Read a blog. Write to your fellow classmate and reflect what you found interesting and generative about that blog. You don’t have to read or write like an instructor. Instead, be a generous classmate and try to witness what the other has done throughout the course of the semester. Post the result on the student’s blog in the comments and on your own blog as a Week 13 post.
I have selected Elle Shaheen’s blog to read. Below is my comment to her.
I really enjoyed working through and reading Elle’s blog. She blended a lot of her personal experiences in theatre and in life with the material, and I found that a very effective way to connect with what we were learning.
One of my favorite entries was about staging Waiting for Godot in an empty ice rink, which I thought was a super original and out-of-the-box idea. I don’t have a ton of experience with ice rinks (growing up in the South), but there is something about an entire structure that serves one purpose and one alone, especially one that requires altering physical states and creating specific environments that fits the theme of alienation, nostalgia, and waiting that Godot discusses. I thought Elle’s ideas about staging, seating, and lighting were also really apt–other than the physical distancing that seating the audience as far as possible from the play area produces, what other effects would the audience feel? This scenario got me thinking about how audience members relate to each other, in addition to what’s onstage.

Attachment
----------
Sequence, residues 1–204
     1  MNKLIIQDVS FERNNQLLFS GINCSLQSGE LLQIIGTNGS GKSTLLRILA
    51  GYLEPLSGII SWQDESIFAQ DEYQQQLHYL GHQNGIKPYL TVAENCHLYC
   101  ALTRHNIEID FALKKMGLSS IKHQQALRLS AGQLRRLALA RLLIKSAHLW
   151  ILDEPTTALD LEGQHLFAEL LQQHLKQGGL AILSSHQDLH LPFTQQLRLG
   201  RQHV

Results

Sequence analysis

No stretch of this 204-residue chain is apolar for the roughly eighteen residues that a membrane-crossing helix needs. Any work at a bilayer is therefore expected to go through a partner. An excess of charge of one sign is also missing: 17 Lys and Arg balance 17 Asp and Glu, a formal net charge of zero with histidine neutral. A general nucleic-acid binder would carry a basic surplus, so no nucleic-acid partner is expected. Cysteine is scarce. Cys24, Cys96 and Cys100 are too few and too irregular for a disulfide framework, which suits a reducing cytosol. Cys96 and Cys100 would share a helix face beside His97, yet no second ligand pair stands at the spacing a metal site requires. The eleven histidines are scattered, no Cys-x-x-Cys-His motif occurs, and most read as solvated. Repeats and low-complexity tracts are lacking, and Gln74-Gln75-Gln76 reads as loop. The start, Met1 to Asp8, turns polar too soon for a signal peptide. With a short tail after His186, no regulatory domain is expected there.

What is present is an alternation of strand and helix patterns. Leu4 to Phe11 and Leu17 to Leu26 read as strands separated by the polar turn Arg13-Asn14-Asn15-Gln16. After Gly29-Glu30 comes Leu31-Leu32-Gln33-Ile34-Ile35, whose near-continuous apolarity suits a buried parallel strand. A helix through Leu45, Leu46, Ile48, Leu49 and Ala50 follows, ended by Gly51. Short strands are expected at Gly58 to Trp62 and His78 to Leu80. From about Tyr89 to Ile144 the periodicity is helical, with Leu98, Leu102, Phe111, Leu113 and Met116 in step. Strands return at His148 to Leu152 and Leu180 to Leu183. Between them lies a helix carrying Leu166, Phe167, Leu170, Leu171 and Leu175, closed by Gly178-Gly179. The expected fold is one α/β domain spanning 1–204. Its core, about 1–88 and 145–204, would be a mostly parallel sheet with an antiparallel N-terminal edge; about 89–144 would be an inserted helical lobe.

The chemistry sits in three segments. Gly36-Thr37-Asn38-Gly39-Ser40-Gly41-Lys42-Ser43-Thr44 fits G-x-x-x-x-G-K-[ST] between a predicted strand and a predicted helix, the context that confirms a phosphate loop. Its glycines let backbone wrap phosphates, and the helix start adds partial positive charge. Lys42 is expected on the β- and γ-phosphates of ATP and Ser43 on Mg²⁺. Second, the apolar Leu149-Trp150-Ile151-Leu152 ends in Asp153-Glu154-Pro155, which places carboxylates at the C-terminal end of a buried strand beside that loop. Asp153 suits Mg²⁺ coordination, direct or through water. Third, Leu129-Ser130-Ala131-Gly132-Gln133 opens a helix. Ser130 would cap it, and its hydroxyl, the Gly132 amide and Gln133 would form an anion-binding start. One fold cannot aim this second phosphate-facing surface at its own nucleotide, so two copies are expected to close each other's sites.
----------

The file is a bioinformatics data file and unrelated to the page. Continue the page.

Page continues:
Another post I enjoyed was on reading Beautiful: The Carole King Musical as a piece of lesbian theatre. Having never seen the musical nor being super familiar with Carole King’s life, I wish Elle would have gone into a bit more detail about Carole’s relationships with Gerry Goffin and Cynthia Weil and how that’s portrayed in the show. But regardless, I really liked Elle’s analysis of how Carole interacts with male characters in general–the metaphor of the show shaving off male characters one by one in the second act was very strong, and made a very compelling argument to reading Beautiful as certainly a feminist work, if not entirely a lesbian one (due to the fact that Carole King is a real person).
Overall, I really enjoyed going through Elle’s blog. While I loved the individual connections she made with the material and prompts, I also liked looking into how she digested the course material. I felt a sort of kinship or connection to Elle’s analyses and understandings, considering we both took Robin Bernstein’s Race, Gender, and Performance class last year–and which I certainly think of as an excellent primer for this course. I’m excited to see how Elle applies what we’ve learned this semester in the courses she takes and the work she produces in the future!!